Time to Change Lanes

Hey There Income Hunters,

July is the month you need to change lanes — and there’s still time.

I knew the iShares 20+ Treasury Bond ETF (Ticker: TLT) was telling us something and it crystallized this week …

Take a look at this rally over the past couple of months:

Sixteen dollars in two months — which equates to .60% in interest rate equivalents!

It was tough to jump in because, at the same time, accelerating inflation was all investors could think about….

But here’s the thing, the market has swerved into another lane …

We are officially in a stagflation economic environment.

Now you must adjust.


The stagflation environment will be a tough one for traders to figure out.

Growth slows as inflation accelerates — sounds easy enough, but the hard part is understanding what sector allocation changes need to be made.

We just came from a quarter during which growth and inflation accelerated

It doesn’t get any easier, just stay long commodities, financials, energy, tech and industrials, and Sell bonds and the dollar.

It worked like a charm! (See my trading record.)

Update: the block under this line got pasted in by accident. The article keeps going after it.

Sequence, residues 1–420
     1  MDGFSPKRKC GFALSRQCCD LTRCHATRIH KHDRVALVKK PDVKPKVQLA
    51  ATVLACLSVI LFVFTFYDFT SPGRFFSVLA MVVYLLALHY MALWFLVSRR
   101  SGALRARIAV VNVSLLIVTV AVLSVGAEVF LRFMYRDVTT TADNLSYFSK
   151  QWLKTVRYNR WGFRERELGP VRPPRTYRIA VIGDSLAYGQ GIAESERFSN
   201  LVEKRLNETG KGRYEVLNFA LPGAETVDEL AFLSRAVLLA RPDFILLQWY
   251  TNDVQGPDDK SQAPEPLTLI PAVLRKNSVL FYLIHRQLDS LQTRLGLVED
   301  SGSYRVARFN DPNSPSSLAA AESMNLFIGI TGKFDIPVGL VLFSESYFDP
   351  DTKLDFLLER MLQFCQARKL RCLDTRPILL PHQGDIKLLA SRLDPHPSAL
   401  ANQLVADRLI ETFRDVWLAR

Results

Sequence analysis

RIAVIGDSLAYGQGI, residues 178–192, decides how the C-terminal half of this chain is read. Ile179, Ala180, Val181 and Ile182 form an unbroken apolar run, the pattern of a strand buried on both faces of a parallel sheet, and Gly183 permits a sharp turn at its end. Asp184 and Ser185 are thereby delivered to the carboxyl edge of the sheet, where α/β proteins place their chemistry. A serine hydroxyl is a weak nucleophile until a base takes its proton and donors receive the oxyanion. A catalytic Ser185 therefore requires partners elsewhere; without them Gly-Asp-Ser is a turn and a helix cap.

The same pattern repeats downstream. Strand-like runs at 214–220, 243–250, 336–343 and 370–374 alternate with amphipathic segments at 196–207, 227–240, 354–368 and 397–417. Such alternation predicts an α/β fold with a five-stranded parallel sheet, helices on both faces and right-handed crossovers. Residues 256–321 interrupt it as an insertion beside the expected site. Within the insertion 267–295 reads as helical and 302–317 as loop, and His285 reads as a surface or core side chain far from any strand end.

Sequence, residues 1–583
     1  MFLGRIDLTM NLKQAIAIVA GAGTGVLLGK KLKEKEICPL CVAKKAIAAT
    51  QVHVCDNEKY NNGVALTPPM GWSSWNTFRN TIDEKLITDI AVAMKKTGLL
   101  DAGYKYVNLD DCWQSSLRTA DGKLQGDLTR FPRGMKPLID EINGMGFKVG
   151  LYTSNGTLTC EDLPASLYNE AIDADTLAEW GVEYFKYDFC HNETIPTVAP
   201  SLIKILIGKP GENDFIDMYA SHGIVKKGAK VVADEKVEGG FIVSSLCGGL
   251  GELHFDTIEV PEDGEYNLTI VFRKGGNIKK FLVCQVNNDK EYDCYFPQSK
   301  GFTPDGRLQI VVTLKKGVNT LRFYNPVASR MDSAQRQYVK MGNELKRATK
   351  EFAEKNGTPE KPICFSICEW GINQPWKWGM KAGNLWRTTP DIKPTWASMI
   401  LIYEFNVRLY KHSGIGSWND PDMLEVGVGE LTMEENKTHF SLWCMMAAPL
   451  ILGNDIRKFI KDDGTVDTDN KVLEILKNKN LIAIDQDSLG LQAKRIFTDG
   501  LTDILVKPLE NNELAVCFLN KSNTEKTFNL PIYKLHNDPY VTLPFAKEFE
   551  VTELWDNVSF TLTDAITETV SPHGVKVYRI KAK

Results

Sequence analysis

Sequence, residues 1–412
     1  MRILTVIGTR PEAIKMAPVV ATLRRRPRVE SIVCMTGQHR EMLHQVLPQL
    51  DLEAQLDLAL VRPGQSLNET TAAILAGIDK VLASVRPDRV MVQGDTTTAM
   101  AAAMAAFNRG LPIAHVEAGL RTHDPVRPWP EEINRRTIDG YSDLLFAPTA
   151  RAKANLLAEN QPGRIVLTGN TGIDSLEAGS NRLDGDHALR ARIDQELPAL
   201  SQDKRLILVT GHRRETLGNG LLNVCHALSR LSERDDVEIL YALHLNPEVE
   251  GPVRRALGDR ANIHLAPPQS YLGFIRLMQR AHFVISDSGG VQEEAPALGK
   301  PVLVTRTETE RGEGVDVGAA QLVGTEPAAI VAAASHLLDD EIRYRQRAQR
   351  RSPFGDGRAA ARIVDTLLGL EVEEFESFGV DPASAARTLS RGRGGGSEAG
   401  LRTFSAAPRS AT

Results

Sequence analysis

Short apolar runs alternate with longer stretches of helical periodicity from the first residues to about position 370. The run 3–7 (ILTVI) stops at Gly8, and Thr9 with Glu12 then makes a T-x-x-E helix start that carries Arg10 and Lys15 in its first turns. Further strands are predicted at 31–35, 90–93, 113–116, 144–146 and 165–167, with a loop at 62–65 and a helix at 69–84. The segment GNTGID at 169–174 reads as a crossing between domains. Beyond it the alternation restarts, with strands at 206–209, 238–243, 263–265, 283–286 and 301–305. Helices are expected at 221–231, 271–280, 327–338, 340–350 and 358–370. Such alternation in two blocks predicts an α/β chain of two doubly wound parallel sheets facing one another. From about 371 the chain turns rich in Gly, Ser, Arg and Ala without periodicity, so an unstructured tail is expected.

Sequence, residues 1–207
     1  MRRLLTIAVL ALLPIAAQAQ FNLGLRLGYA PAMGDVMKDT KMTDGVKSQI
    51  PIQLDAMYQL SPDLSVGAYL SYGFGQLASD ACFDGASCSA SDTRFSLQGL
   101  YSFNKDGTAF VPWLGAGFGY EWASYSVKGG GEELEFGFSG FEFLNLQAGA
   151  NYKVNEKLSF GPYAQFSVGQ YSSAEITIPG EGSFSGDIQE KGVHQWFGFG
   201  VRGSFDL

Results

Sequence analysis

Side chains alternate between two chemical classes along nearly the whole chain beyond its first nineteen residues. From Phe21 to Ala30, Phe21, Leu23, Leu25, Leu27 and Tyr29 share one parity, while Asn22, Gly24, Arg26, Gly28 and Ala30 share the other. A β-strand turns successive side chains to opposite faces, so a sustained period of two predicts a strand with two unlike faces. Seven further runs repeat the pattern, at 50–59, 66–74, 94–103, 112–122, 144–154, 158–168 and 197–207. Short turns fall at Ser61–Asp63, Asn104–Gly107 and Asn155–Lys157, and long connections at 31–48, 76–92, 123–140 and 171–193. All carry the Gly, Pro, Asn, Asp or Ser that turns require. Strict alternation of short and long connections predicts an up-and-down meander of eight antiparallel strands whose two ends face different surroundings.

However, with slowing growth and accelerating inflation you want to be:

Long: Treasury bonds, gold, commodities, utilities, tech, energy and industrials…. 

Short: Financials, REITs, materials and telecom

Financials were the other sector (along with bonds) that turned bearish over the past month after being a great performer in Q2.

So let’s take a look …

SPDR Select Sector Fund (Ticker: XLF)

XLF peaked at $38.50 and then the day the Fed hinted at tightening earlier than expected, it started melting down.

Once it broke the 50-day moving average on high volume, it spiked lower before it came back and tested the 50 DMA — and failed again:

That is a sure sign of changing trends.

Sellers are now in control and the slow growth, accelerating inflation environment is not good for banks because they own so many financial assets that get slammed during long periods of inflation.

Plus … in a slow growth environment, bank customers suffer, which can lead to loan defaults.

1X2 Put Spread

I mentioned this idea to Andrew Giovanni who has an ideal option trade for all occasions and he suggested the 1X2 put spread

I analyzed a XLF 36/34.5 1X2 put spread to Aug. 27 at around even. Here is the risk profile:

The 1×2 put spread is an ideal trade for XLF, which chops around and doesn’t usually trend in one direction.

Bring It Home

Making the adjustment in trading is critical… 

Whenever you can take out one side of the market — just look to sell XLF on rallies or just looking to buy Gold on dips — you can trade much more efficiently.

Much more to come on stagflation and strategies that will crush it.

Until then…

Live and Trade With Passion My friends,


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